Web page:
I don’t know how long the screaming went on before I noticed. When I did, I lay very still and listened close to determine what was happening, and where. I concluded they were still on the outside, probably at least a hundred feet away.
Moving slow and careful, I turned toward the clock. It was 3:17 on a pitch black night.
It’s hard to say which is worse, the howl of the pack or the scream of a big cat. We get both around here. So far, they’ve stayed in the yard. I’ve got a shotgun loaded beside me, in case they change their minds.
The house was silent, up until the noise started. Outside was a different story. Wind, rain, and the unknowable sounds of the night. When the clouds drop low, and the moon sets, you can’t see ten feet in a clear meadow. In the woods it’s even darker. There, you can’t even see your shoes.
Something big could grab hold of your leg, and you wouldn’t know until it was too late. Knowing that, I listened close and moved slowly as I walked down the steps and into the yard. Half expecting to see a dead animal or some other sign; a warning or perhaps a challenge.
I crept forward into the night, until I heard a rustle. It seemed to come from all around, but noises can be tricky. I looked up to the dark sky. It might be the wind, shaking the fall leaves from the trees. Or it might be something else.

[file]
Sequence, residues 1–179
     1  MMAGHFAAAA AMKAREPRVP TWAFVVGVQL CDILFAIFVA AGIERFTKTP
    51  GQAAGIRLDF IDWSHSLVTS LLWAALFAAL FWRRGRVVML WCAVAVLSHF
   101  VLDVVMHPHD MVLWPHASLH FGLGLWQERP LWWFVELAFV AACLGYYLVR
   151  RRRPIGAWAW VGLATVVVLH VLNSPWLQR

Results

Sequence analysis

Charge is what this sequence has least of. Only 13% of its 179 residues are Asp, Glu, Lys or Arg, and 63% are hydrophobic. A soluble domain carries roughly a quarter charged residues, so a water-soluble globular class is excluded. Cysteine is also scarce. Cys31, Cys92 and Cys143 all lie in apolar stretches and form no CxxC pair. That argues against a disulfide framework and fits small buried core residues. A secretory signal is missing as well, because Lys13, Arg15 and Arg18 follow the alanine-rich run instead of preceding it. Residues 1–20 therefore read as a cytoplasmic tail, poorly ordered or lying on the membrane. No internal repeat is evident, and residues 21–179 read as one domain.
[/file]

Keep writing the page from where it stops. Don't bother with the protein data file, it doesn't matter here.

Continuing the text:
After a moment, I kept moving. Every crack and pop makes you stop and listen when the predators are howling. No one wants to end up as some animal’s dinner.
I used to be the undisputed king of my property. These past five years, things are changing. Animals are taking back the night. I don’t know if it’s the chemical spills, the radiation up north, or something else. All I know is, they’re different.
They don’t back down so easy, and when they run, they only go far enough to get out of reach. Things have started vanishing, too. First it was the cat. Now the kid down the street. No one’s seen him for two weeks. Then I found a piece of shoe, out back by the creek. I showed it to Snake, but neither of us could recognize it. It was a size 14, though. Whoever he was, he was big. No one that size has gone missing that I know of, but sometimes homeless people take shelter in the woods, and when they get eaten, no one knows.
I’m gonna begin patrolling with night vision glasses and a gun. Getting a dog didn’t work. On the fifth night, I heard the noises, and all I could find the next morning was half a hind leg. So I’m down to technology. That’s the only way to level the playing field.
I wonder where it will end.